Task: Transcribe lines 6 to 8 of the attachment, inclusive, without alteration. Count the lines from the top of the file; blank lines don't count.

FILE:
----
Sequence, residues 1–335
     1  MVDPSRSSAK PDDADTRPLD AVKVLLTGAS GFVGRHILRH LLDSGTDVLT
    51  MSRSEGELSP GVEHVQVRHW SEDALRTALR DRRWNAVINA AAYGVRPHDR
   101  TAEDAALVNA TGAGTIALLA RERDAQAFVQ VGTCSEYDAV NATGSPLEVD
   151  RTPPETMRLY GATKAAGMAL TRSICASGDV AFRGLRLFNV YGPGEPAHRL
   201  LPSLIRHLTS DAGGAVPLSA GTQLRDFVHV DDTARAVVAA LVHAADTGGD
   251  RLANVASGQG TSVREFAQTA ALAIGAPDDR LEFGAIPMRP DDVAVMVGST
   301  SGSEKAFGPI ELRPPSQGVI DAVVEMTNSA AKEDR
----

   201  LPSLIRHLTS DAGGAVPLSA GTQLRDFVHV DDTARAVVAA LVHAADTGGD
   251  RLANVASGQG TSVREFAQTA ALAIGAPDDR LEFGAIPMRP DDVAVMVGST
   301  SGSEKAFGPI ELRPPSQGVI DAVVEMTNSA AKEDR